The field computer science is surprisingly lax with statistics, when it comes to benchmarking. When you see a variance or standard deviation, rejoice! Usually it is just an average and a claim like "bigger, thus better". Nobody seems to talk about the null hypothesis and significance. Here I want to provide a simple schema to make better benchmarks.

Usually there is some baseline. Then someone changed something and wants to compare. E.g. a new compiler optimization, a different data structure, or another application. So let's just run the benchmark five times with A and B each, average the score and look which one is better.

An example: A = {9,7,4,6,3} and B = {2,3,3,8,4}. Could be the number of seconds our test ran. A is the baseline and B our optimized version.

The averages are 5.80 and 4.00, so B seems to be 45% faster and thus better. Good.

Wait a moment. For serious statistics you need to include standard deviations. The stdevs are 2.39 and 2.35. You could say A is 5.80±2.39 on average. B is more than a standard deviation faster. Looks good? Well, the stdevs overlap (5.80-2.39 > 4.00+2.35), so it does not look that good, but still an improvement, isn't it?

Let's do a significance test. This means we assume the null hypothesis is true and then compute the probability (p-value) that we observe our data. The null hypothesis traditionally is "no difference". In other words, we assume that our optimizations are useless and compute the probability that we still see the results above. If this probability is low (e.g. less than 5%), we conclude we "significantly optimized".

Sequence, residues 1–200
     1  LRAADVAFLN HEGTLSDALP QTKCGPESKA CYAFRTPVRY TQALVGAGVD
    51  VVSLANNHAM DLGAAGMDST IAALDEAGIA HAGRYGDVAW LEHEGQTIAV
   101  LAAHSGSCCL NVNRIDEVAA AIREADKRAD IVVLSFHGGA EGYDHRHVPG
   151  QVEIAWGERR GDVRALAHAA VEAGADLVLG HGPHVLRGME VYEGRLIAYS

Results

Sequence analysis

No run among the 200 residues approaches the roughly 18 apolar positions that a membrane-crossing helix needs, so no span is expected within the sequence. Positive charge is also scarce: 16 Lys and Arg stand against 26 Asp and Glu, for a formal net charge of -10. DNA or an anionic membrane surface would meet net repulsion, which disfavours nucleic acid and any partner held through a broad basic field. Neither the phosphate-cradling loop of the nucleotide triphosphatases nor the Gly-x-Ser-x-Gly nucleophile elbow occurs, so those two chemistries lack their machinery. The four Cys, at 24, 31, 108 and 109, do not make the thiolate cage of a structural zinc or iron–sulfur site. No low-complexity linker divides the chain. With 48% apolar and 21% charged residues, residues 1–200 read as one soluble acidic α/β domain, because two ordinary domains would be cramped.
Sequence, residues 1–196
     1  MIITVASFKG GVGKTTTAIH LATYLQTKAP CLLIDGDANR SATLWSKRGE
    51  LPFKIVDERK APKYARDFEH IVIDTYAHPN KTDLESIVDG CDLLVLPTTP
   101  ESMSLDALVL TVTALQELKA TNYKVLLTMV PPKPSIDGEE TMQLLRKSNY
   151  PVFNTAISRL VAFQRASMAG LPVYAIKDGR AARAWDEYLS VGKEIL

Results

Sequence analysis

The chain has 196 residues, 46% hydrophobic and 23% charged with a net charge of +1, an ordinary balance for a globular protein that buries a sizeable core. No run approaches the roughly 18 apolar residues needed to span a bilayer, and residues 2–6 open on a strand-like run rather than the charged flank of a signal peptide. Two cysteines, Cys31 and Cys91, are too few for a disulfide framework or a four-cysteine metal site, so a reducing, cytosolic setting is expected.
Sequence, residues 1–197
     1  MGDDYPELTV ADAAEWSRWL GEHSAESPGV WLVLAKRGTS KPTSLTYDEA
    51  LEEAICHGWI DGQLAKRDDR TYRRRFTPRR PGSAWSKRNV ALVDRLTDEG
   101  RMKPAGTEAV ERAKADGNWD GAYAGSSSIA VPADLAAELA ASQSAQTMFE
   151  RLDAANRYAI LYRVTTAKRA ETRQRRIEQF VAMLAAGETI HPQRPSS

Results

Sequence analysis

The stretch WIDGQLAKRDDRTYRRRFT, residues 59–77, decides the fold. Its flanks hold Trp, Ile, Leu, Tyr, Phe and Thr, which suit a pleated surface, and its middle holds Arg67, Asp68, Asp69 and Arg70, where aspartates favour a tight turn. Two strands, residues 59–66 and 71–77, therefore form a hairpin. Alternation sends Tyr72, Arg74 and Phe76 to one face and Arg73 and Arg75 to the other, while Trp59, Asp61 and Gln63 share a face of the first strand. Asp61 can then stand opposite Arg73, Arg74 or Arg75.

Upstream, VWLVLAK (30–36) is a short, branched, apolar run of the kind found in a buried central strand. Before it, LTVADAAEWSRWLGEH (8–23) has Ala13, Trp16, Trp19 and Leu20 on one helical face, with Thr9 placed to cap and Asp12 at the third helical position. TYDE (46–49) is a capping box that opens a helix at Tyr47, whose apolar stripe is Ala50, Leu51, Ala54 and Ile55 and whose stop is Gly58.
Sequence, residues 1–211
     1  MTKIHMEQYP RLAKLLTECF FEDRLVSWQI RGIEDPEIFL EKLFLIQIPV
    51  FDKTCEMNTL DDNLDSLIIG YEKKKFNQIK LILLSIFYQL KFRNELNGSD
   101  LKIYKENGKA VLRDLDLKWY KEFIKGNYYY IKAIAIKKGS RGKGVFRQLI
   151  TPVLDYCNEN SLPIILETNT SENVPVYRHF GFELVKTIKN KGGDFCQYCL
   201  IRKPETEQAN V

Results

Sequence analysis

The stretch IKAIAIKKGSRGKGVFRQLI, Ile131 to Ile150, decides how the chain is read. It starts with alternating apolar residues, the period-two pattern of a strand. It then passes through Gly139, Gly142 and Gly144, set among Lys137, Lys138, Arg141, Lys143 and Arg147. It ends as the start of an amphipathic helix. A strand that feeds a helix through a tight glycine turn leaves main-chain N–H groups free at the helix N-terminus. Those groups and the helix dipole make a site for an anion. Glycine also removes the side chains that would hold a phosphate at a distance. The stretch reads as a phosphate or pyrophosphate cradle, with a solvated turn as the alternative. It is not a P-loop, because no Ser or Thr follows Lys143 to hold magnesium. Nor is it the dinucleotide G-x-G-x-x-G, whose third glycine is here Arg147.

A common approach is Student's T-Test. That leads to the question "which variant of the t-test?" First, we are "unpaired" (aka independent). The 9 and 2 have no special connection. We could randomly permute our measurements of each set. In other words, the order of our measurements is irrelevant. Second, we have "equal variance", because both our measurements have the same number of results. Third, we are "two-tailed", because our averages can deviate in both directions.

Using LibreOffice's TTEST(A,B,'two-tailed','unpaired,equal variance'),
we compute a p-value of 0.26.
Unfortunately, 26% is way above the usual 5% barrier to reject the null hypothesis.
Well, you are allowed say "I am 74% sure my optimization makes a difference".
You are *not* allowed to say "my optimization significantly improves".

What can you do? Use more runs for your benchmark. Let us assume 15 instead of 5 runs, which accidentally just repeat the 5 runs 3 times. Now LibreOffice computes a p-value of 0.01, which is quite good.

You can download my example as LibreOffice document or as IPython Notebook (view online). Now go and do better benchmarking!